The FAA Operational Loads Monitoring Program - Achievements And Problems
FEDERAL AVIATION ADMINISTRATION RENTON WA AIRCRAFT CERTIFICATION SERVICE
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The FAA Operational Loads Monitoring Program is now a mature program with results in many areas. This is an opportunity to review the results of this research program, and discuss some of the interesting problems encountered on the way. From the early 1960s until 1982, NASA supported operational loads data collection from Transports and General Aviation aircraft. Then, the Aloha B-737 accident in 1988 was used as a catalyst to reactivate these programs, using more modern systems to improve accuracy and reduce work load. The response from U.S. Industry to an FAA proposal to use Aging Aircraft research funds to start an FAA program ranged from positive to highly negative. This caused problems within the FAA, due to concerns about spending research funds without the full support of industry Furthermore, U.S. airline response was positive from engineering, but negative from the pilots, due to concerns about privacy and possible FAA action. Even with this difficult situation, the FAA continued to look for support and evaluate the technical issues, such as how to record and process large quantities of data without significantly impacting the airlines operation. The basic concern being addressed by the FAA is that manufacturers design airplanes using structural design criteria established by the Regulatory Authorities, and fatiguedamage tolerance loads based on assumed utilization. After an airplane is in operation, the only feedback to the Regulatory Authority and manufacturer is the number of hours flown, and the number of landings made. With only this information and, of course, the service difficulty reports, it is not sufficient to validate the design criteria or the repeated loads spectrum.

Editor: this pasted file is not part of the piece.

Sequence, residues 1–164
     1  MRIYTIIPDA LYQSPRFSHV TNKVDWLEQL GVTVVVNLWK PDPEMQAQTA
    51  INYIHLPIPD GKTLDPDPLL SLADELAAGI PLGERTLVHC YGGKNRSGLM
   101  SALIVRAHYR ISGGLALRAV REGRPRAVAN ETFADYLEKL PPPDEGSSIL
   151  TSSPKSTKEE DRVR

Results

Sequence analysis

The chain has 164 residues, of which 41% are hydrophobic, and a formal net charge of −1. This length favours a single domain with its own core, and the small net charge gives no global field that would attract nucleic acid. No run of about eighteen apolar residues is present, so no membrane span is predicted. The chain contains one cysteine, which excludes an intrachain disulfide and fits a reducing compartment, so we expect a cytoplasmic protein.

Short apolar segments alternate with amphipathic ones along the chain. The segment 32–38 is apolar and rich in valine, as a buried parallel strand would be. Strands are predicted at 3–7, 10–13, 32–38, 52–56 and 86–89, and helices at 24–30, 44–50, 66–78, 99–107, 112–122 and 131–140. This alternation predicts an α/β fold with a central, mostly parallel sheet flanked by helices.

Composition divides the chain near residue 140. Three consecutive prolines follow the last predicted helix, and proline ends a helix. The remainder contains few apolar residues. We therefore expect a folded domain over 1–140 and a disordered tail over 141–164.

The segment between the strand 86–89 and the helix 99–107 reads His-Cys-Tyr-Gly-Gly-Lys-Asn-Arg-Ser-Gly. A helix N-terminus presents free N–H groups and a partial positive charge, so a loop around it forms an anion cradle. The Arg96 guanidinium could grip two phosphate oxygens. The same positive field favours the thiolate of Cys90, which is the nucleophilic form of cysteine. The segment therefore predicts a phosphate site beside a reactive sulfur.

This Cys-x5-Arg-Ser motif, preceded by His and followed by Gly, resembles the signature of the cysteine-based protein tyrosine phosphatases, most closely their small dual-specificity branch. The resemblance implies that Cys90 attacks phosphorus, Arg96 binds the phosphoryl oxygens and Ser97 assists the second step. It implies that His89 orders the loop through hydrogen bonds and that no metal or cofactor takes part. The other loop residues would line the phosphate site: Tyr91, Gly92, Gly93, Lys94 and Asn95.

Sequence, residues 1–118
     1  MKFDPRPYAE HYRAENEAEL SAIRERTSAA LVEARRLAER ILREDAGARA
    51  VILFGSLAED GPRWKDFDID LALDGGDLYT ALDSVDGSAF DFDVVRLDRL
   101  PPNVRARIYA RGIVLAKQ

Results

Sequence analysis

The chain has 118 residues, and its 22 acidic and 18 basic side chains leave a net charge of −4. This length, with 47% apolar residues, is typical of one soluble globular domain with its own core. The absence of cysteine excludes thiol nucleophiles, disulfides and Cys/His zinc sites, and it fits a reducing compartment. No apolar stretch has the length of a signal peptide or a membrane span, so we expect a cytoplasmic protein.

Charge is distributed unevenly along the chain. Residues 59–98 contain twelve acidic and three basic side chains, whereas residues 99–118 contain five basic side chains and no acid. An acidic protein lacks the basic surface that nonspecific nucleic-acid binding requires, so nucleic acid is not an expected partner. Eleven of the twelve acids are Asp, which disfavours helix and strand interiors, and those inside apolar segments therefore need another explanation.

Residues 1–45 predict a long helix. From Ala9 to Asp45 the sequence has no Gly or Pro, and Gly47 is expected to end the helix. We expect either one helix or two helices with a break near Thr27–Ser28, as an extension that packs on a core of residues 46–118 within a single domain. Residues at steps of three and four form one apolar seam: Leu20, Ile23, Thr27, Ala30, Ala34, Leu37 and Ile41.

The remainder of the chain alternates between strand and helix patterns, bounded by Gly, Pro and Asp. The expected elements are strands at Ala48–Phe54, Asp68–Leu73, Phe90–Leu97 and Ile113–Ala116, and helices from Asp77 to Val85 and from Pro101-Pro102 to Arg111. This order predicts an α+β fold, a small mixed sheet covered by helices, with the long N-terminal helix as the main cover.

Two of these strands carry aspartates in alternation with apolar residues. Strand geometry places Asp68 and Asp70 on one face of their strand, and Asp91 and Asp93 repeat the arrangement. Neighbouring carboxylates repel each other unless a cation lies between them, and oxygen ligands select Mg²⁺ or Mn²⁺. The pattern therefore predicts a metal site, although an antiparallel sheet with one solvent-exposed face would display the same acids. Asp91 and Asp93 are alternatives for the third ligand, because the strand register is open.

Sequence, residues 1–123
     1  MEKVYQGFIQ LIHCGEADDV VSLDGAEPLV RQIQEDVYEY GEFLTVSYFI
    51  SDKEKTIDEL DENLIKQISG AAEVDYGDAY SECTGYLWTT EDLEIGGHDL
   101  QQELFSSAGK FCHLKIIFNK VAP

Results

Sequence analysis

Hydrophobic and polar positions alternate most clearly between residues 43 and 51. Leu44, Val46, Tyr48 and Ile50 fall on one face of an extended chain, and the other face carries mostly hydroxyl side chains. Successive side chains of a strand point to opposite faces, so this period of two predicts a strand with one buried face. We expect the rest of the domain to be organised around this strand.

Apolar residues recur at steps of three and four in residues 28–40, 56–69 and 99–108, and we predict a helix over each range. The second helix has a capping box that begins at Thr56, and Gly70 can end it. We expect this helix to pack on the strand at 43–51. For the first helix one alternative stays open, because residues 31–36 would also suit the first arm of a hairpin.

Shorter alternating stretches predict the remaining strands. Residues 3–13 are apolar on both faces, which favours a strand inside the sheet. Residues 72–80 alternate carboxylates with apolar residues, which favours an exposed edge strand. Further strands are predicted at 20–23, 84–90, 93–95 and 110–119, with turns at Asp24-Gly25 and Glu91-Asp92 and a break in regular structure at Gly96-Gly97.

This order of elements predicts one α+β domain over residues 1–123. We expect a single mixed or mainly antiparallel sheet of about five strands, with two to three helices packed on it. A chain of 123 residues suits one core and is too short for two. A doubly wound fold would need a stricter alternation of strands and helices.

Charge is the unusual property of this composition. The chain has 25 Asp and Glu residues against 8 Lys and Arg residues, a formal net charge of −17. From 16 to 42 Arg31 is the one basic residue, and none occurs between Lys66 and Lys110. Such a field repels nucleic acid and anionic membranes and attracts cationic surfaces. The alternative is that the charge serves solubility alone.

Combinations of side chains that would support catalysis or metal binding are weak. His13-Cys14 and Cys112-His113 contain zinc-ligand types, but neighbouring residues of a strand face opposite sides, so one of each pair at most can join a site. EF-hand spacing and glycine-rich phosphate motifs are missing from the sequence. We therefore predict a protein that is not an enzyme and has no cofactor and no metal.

- Test Facilities, Equipment and Methods